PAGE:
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Sooner rather than later, your fridge could be connected to your Facebook account. Your toilet could send out tweets. It's the Internet of Things -- the universe of web-connected devices from Fitbits to smart appliances -- and it's becoming more of a reality every day. The IoT, of course, raises a gig or two of legal questions: questions regarding privacy, cybersecurity, transparency, and liability.
But the Internet of Things also provides a wealth of evidence. All that data on your sleep patterns, your thermostat use, and gym schedule can and will be held against you (or your clients) in a court of law. In other words, your smart device is a narc.
Most IoT devices collect and communicate an enormous amount of data. Take Nest's smart thermostat, for example. Like all thermostats, it's constantly reading the temperature of the room. Nothing special there. It also notes info from your HVAC system, your local weather, and any temperature change you make. What sets IoT devices like Nest apart from traditional thermostats is that your information is stored, communicated to Nest, to your own devices and to others, including Google.
That information can become important evidence in investigations or lawsuits. Information from Fitbit, for example, has already been used to charge people with crimes. A wearable device, Fitbit measures physical activity and exercise, storing information on your steps, distance traveled, calories burned and even sleep patterns. When Jeannine Risley reported that she'd been sexually assaulted while sleeping, police checked her Fitbit data and found that she'd been up and walk around all night. Whoops.
It's not just false police reports that Fitbit data can speak to, either. When it comes to personal injury claims, disability, or even medical malpractice, wearables like Fitbit can make or break a case. Since they produce a near-constant record of your activity, they're a litigation gold mine. (Of course, evidence from wearables isn't unquestionable. At least one class action asserts that Fitbit's ability to monitor activity is highly overrated.)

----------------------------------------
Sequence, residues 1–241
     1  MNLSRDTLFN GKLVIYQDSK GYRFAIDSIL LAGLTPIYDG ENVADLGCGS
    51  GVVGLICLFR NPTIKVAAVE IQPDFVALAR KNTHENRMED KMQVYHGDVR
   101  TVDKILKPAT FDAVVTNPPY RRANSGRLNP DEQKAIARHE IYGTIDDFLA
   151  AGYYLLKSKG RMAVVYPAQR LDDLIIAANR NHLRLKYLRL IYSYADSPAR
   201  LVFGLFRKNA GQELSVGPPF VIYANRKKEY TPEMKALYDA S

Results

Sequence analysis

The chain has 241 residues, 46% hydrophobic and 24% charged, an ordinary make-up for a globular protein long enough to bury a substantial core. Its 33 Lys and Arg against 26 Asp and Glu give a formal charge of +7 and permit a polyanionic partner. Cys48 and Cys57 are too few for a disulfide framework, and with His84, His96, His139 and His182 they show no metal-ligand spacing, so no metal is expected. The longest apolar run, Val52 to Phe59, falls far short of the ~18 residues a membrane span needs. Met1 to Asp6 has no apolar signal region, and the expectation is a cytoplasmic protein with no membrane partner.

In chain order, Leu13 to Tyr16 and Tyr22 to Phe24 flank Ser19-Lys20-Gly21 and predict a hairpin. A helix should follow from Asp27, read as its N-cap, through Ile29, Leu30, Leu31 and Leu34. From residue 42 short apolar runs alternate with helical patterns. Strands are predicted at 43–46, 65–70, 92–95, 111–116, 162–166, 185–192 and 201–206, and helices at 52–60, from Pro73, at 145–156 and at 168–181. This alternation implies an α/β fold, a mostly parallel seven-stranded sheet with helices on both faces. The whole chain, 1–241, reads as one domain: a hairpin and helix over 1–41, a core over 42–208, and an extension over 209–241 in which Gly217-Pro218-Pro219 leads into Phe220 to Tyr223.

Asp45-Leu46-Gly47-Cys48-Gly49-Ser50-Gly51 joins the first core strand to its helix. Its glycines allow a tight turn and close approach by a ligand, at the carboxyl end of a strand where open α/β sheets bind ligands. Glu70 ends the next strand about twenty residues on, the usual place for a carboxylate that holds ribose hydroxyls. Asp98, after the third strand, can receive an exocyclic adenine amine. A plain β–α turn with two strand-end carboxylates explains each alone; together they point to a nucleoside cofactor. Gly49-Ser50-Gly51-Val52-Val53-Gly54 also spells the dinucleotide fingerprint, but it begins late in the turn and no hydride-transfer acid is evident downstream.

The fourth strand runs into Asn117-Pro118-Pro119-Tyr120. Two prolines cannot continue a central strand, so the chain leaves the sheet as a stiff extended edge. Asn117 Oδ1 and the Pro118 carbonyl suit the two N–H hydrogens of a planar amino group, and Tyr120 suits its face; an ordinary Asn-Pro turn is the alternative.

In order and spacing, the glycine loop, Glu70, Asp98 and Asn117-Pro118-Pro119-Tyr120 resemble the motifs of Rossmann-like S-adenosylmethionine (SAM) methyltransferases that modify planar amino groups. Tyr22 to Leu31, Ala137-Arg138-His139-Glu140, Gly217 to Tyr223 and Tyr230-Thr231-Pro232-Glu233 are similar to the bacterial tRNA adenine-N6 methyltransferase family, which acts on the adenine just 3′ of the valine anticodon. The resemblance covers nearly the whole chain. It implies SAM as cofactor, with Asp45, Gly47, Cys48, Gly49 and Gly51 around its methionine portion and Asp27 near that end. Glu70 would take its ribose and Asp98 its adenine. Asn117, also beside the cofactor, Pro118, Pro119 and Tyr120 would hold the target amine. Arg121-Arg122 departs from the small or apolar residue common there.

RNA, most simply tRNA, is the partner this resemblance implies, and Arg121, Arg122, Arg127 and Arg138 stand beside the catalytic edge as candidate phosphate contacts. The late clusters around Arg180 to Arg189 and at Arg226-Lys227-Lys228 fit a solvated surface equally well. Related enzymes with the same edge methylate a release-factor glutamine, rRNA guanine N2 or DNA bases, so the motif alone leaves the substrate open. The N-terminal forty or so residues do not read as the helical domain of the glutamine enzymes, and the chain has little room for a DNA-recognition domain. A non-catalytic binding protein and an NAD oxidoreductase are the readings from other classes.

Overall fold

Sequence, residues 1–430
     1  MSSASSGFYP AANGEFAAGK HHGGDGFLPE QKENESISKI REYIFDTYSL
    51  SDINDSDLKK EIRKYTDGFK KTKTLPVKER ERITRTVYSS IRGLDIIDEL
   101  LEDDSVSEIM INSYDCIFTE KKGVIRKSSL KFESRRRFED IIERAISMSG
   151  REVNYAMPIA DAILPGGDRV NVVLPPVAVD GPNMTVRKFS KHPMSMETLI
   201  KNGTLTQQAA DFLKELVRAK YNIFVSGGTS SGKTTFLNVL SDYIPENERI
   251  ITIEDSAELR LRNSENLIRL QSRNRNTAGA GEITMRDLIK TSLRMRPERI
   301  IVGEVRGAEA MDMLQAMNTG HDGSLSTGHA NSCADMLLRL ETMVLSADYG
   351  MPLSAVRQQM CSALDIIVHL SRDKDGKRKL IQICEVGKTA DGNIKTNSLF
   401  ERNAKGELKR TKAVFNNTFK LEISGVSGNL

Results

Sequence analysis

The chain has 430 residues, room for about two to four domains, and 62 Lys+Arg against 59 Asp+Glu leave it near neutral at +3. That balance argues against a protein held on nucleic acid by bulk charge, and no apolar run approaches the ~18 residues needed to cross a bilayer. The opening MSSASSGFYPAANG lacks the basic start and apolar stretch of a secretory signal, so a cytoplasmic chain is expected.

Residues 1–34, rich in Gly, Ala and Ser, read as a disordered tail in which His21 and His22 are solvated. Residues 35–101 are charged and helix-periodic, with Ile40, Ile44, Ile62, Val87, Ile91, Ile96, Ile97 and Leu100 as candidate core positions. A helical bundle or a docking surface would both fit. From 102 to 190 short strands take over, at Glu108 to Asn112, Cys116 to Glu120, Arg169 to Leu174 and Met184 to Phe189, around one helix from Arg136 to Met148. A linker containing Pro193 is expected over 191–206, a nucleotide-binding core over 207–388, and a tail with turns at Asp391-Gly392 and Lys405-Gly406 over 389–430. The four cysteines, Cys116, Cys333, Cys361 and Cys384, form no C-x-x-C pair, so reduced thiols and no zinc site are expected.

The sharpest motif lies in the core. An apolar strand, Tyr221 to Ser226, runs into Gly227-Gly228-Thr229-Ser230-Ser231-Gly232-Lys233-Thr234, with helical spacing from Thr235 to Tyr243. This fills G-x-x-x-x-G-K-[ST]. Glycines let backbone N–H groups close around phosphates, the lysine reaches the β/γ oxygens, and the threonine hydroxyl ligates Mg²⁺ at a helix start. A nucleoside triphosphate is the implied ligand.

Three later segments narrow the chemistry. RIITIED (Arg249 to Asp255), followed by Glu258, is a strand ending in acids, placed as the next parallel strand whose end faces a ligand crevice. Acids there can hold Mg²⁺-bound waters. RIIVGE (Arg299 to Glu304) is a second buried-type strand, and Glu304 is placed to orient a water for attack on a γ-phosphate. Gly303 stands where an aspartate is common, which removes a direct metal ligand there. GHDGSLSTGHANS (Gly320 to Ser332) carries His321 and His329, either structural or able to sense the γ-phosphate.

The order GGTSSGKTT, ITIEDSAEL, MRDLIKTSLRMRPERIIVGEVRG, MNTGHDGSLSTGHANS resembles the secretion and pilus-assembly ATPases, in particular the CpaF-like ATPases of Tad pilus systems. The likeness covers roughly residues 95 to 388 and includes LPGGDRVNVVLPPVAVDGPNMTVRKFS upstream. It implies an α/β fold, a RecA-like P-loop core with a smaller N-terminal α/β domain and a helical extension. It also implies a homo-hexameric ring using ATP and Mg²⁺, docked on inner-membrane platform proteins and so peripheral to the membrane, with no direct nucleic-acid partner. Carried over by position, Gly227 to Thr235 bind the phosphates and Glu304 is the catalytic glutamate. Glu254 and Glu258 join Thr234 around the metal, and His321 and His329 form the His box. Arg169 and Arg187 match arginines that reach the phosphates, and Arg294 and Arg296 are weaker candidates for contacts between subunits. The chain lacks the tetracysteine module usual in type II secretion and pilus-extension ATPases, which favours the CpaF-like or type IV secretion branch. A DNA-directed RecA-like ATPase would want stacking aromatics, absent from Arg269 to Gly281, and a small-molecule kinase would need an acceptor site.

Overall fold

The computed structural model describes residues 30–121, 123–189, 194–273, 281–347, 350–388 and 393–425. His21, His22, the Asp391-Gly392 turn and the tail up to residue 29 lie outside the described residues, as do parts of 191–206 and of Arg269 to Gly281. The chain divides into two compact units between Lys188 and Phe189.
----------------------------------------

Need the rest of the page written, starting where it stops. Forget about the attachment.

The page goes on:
As the Internet of Things continues to expand, so too will the sources of potentially material evidence. Xively, a part of LogMeIn, claims to connect 400 million devices, from usual suspects like computers down to individual light switches. The usefulness of that information those devices collect will continue to increase as IoT manufacturers improve their ability to connect device interaction with individuals. Just last Thursday, LogMeIn announced Xively Identity Manager which seeks to link device usage to individuals.
Take a nap? Turn off a light? Turn down the A/C? The Internet of Things knows and it's keeping a record.
Meeting with a lawyer can help you understand your options and how to best protect your rights. Visit our attorney directory to find a lawyer near you who can help.
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